Housing, Gentrification & New Urbanism
Bohl, C.C. (2010). New urbanism and the city: Potential applications and implications for distressed inner-city neighbourhoods. Housing Policy Debate, 11(4), 761-801.
Abstract: New Urbanism has been described as the most influential movement in architecture and planning in the United States since the Modernist movement. In recent years, New Urbanist design principles have been adopted for many housing and neighborhood planning efforts. This article considers the applications and implications of New Urbanism for distressed inner-city neighborhoods. Claims and criticisms of New Urbanism are examined and the long-standing debates over the extent to which physical planning and design can affect human behavior are revisited.
The article concludes that New Urbanism is not a panacea, but that its design principles are consistent with broader policies aimed at revitalizing and improving living conditions and opportunities for inner-city residents. New Urbanism needs to be viewed as one strategy to be integrated within the larger array of economic, social, and community development programs attempting to revitalize and improve the quality of life in inner-city neighborhoods.
Keywords: Development/Revitalization; Low-income housing; Urban planning
Butler, T., and Hamnett, C. (2012). Chapter 8: Social Geographic Interpretations of Housing Spaces. In Clapham, D.F., Clark, W.A.V., and Gibb, K. (Eds.), The Sage Handbook of Housing Studies (147-162). Sage Publications Ltd.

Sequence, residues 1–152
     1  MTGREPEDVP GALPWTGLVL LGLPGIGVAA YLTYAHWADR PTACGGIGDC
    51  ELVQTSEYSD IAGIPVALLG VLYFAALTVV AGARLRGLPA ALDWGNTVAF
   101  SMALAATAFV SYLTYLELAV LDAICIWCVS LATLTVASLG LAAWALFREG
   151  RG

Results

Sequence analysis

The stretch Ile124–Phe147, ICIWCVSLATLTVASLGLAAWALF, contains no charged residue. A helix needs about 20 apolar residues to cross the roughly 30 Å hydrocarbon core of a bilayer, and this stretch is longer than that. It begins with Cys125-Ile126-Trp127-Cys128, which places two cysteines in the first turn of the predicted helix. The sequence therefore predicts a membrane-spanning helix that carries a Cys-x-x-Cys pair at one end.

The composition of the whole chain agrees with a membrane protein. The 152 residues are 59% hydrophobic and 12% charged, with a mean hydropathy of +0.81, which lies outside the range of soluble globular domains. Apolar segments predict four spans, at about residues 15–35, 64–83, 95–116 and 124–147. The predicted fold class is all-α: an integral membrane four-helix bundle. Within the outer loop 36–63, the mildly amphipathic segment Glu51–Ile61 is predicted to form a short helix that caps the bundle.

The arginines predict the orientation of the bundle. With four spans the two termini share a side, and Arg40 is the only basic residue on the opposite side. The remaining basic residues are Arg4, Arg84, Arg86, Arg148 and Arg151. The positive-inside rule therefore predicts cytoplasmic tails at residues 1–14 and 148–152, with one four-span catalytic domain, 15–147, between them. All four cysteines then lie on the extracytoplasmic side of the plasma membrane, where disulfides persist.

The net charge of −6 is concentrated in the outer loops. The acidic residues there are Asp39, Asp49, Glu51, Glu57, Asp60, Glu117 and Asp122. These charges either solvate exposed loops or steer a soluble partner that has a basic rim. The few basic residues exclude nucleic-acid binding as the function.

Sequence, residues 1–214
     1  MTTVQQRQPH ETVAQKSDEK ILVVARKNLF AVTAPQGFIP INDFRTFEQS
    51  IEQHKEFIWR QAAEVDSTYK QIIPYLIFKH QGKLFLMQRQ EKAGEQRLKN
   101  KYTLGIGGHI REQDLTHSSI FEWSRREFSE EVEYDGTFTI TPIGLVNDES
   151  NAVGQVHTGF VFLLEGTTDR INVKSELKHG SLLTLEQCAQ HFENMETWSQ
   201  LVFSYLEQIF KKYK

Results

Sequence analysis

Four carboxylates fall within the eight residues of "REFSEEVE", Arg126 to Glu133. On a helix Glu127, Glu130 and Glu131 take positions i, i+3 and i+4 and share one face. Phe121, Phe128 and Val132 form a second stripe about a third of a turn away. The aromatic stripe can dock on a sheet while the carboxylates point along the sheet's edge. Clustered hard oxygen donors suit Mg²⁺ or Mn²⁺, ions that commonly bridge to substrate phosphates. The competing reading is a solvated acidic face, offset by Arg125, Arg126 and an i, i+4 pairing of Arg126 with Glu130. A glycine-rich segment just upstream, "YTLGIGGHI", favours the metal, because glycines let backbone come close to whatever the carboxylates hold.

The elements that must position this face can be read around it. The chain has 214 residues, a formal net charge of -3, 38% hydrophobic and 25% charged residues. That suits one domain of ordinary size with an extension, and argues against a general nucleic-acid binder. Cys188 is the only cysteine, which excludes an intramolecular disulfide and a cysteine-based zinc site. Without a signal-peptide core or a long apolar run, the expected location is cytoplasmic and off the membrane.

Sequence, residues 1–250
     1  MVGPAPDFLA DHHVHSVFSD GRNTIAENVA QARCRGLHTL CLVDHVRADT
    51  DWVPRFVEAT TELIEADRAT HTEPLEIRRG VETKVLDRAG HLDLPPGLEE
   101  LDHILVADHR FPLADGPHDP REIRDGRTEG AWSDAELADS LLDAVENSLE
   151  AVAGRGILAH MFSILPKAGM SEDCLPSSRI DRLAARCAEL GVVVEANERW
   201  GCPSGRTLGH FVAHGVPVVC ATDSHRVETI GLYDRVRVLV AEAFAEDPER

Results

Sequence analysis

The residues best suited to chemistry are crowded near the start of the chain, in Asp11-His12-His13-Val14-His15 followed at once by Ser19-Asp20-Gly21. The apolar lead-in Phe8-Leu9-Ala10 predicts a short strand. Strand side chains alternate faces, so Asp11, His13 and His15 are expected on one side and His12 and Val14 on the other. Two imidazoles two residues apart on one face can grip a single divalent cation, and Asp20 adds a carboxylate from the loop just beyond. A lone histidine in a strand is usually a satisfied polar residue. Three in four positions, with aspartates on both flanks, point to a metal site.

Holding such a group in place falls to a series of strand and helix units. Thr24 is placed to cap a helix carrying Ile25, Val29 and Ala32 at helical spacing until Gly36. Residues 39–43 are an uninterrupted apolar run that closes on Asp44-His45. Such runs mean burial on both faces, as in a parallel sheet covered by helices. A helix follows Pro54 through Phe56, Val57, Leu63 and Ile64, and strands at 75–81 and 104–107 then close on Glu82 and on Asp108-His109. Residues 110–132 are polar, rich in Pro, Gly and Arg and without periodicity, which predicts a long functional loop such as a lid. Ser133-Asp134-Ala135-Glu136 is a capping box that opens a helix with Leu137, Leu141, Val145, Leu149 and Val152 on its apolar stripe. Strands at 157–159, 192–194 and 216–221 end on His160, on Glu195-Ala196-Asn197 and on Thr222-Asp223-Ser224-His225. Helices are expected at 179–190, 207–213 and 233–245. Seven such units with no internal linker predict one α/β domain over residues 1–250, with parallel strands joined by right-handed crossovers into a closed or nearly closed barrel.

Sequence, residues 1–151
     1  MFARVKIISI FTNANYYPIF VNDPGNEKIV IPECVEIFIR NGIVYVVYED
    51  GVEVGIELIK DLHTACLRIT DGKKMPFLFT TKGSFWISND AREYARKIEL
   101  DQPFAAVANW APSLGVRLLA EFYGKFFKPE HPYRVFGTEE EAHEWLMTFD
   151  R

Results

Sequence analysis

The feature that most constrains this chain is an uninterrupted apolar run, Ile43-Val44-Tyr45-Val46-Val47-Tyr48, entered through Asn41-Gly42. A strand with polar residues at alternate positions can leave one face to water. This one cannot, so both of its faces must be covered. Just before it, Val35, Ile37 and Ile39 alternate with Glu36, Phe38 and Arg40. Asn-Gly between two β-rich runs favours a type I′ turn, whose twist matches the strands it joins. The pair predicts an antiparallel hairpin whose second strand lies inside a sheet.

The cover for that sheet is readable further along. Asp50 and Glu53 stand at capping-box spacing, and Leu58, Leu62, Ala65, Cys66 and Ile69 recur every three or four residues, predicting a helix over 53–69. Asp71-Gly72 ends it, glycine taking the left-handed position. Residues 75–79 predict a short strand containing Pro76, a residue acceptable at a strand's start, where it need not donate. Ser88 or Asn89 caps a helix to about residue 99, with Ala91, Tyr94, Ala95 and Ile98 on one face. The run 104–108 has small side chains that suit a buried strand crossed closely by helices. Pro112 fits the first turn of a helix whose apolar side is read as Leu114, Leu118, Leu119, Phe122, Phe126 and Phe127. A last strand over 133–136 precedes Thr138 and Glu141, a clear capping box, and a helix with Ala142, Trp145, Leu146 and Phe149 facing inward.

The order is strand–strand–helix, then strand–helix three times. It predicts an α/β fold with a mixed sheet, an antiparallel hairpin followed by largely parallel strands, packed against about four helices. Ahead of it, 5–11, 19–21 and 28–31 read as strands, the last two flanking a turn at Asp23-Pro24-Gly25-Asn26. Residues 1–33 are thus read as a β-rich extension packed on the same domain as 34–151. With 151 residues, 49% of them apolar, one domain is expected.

Grant, J.L. and Perrott, K. (2009). Producing diversity in a new urbanism community. Policy and Practice, 80(3), 267-289.
Abstract: Since the mid-1990s, Markham in Ontario has embedded new urbanism and smart growth principles in its plans. The policies presume that policies for place diversity – requiring a mix of housing types, uses and densities – will produce social diversity. This article examines planning policies and reviews interview data to understand the challenges in interpreting and implementing a diversity agenda in practice. Although respondents describe Markham as ethnically diverse, census data reveal new kinds of social homogeneity. Planning policies and regulations that call for diversity in housing types, land uses and densities may contribute to place vitality and economic health, but the Markham case suggests that they may not produce social equity. Planners’ faith in place diversity as a means to social diversity faces significant challenges in practice.
Larsen, K. (2005). New Urbanism’s Role in Inner-city Neighbourhood Revitalization. Housing Studies, 20(5), 795-813.
Abstract: The new urbanism has become an increasingly popular development strategy for outlying greenfield sites. Recently, the Congress for the New Urbanism, the formal arm of the movement, began emphasizing urban infill and revitalization. This paper explores the public sector’s application of the new urbanism through planning and regulatory tools intended to foster inner-city revitalization. Specifically, it examines a local variation of the new urbanism and its implementation within a broader framework of neighborhood revitalization that seeks to balance economic development, smart growth and equity goals to realize the ideal of the just city. Assessing over 12 years of experience in Orlando, Florida, this study demonstrates the difficulty of fully implementing the new urbanism in such projects, particularly in lower-income neighborhoods, and inherent conflicts when design solutions, economic development and housing goals are not mutually supportive.